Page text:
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Pet Rats/Getting new rats! What to feed them, etc.



I am having a hard time figuring out what to feed my rats when I get them.
I am getting 4 females, they will be around 5-6 weeks old.

Most of the premixed foods I have found around here have lots of corn & seeds which I was told was not good for rats.
I did find this food and was wondering if itís good.
Oxbow Essentials - Adult Rat Food

I was also told that they should have more then just pellets.
Would this be a good diet:
~Mostly Oxbow Essentials
~Raw pasta noodles
~Some dried banana (not sweetened)
~Occasional fresh fruit/vegetable and baby food (2-4 times a week)

I also want to know what type of pasta, cereal, fruits/vegetables & baby food is good.
I was thinking:
~Plain cheerios & corn flakes for cereal.
~Fusilli, Rigatoni & macaroni for pasta noodles.
Also can rats eat the three color/vegetable noodles or only regular?
~Apple slice, strawberry, banana, broccoli, mini carrots, cucumber, lettuce, peas & corn on the cob for fruits/vegetables.
Should the corn on the cob be cooked or raw?
Are frozen or cooked vegetables also good or only fresh?
~Is baby food with meat good?
Should I also be putting some meat for them or would 1-2 times a week of meat baby food be good enough?

I also wondered if rats can have salt and (if yes) how much?
I eat these veggie straw things and would like to know if I can give them some.

Also the Oxbow food says for rats over 4 months.
Since the rats I am getting are going to be around 5-6 weeks old when I get them can they also eat this?
If not, what should I feed them until they are 4 months?


Dear Jessica,

Starting with four, very ambitious! Actually, I started with three.

I am glad you are researching rats before you get them. That is crucial. You  must get this book (Rats by Debbie Ducommon) and read it before the ratties arrive. I am giving you  the link to the author's site, which you should also read thoroughly (under Rat Info); so save the site's link (the Rat Fan Club). The book you must get is the middle one of the three, and since there is a new edition coming out, she is selling it here for only $5:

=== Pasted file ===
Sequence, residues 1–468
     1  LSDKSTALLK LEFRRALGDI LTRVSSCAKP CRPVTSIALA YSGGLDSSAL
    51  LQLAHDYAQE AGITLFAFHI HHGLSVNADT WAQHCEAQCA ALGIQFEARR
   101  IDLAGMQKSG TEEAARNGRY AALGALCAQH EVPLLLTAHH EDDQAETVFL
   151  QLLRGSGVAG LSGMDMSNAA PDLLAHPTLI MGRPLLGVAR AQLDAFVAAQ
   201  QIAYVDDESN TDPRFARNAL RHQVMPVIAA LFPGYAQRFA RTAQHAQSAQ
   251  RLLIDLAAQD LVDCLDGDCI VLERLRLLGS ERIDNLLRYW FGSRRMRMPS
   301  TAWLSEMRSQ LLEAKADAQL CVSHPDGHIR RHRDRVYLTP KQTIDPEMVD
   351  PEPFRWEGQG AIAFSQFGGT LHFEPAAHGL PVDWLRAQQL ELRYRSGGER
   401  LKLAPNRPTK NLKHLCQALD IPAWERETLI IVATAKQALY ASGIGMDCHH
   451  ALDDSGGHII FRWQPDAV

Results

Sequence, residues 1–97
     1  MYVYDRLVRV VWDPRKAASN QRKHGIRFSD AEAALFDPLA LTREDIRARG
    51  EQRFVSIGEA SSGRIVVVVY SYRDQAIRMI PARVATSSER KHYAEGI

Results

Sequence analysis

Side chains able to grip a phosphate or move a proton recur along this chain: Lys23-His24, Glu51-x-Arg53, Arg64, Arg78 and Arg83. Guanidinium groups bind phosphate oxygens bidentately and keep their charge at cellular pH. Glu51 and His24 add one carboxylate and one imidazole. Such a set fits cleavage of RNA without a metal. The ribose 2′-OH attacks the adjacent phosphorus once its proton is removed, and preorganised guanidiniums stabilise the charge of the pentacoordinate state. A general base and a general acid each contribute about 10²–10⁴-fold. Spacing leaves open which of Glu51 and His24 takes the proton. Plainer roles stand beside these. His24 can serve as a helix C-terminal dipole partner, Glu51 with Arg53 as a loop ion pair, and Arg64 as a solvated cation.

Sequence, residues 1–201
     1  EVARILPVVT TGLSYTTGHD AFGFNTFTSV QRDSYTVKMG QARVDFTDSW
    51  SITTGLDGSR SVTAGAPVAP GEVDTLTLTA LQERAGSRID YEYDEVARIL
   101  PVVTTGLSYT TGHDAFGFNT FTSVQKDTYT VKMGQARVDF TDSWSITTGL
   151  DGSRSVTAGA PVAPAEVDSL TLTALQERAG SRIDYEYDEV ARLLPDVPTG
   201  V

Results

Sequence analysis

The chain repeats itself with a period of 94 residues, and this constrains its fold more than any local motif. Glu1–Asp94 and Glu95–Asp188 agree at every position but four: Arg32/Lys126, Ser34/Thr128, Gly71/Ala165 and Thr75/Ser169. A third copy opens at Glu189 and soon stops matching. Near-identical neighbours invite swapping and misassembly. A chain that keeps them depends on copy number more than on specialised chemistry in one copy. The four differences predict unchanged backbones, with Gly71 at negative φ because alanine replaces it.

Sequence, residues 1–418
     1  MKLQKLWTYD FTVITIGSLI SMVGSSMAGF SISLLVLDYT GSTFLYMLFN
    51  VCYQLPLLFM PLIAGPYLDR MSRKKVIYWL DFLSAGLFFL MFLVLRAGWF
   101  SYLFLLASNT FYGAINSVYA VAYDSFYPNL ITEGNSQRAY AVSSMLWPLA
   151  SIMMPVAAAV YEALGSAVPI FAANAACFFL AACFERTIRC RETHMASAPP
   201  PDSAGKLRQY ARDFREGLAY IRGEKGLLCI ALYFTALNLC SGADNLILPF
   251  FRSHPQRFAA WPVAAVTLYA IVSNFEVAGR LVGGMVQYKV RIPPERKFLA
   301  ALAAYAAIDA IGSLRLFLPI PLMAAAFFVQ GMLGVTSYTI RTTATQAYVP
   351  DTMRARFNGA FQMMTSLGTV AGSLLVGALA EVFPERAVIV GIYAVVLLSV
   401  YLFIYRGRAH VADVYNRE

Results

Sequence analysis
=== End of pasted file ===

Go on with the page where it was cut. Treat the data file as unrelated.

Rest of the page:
Because the book was written a few years ago, there may be a few things that people know now that they didn't know then. For instance, I believe she may have written that is is ok to use an aquarium. It absolutely is not, and she feels this way now too.

You can also email her through the site. And for emergencies you can call her. She has saved my ratties several times.

If you are not flush financially and can't afford to bring the rats to the vet for every sniffle, buy the first one too:  Rat Health Care. You should also buy that one for your vet if they are not completely familiar with rats and are also open to suggestions. Many vets will be glad to have it. Of course you must have an "exotics" (or "pocket pets") vet; cat and dog vets simply don't have the knowledge. Find one now.

Actually you need one even if you do go to the vet-- so you know what to do for choking or other first aid.

Next: Join Debbie's Facebook page:

You can ask any question there. There are absolute beginners and extremely knowledgeable decades long rat owners.

This is her page on diet:

The main answer to your question is, yes the Oxbow is fine for adults. I use Regal Rat myself; my rats like it much better. Those "rat and mouse" mixed seed diets are absolutely NOT appropriate for rats, and it makes me steaming mad that they label it and sell it that way. My breeder has recommended and I use Native Earth, made by Harlan, for my babies. You can get it at Pet Food Direct. The bag is huge, but it is very inexpensive considering how big is. You can pay something like $5 for a 2lb bag of another food; or $20 for 40 pounds of this stuff. Of course there is shipping.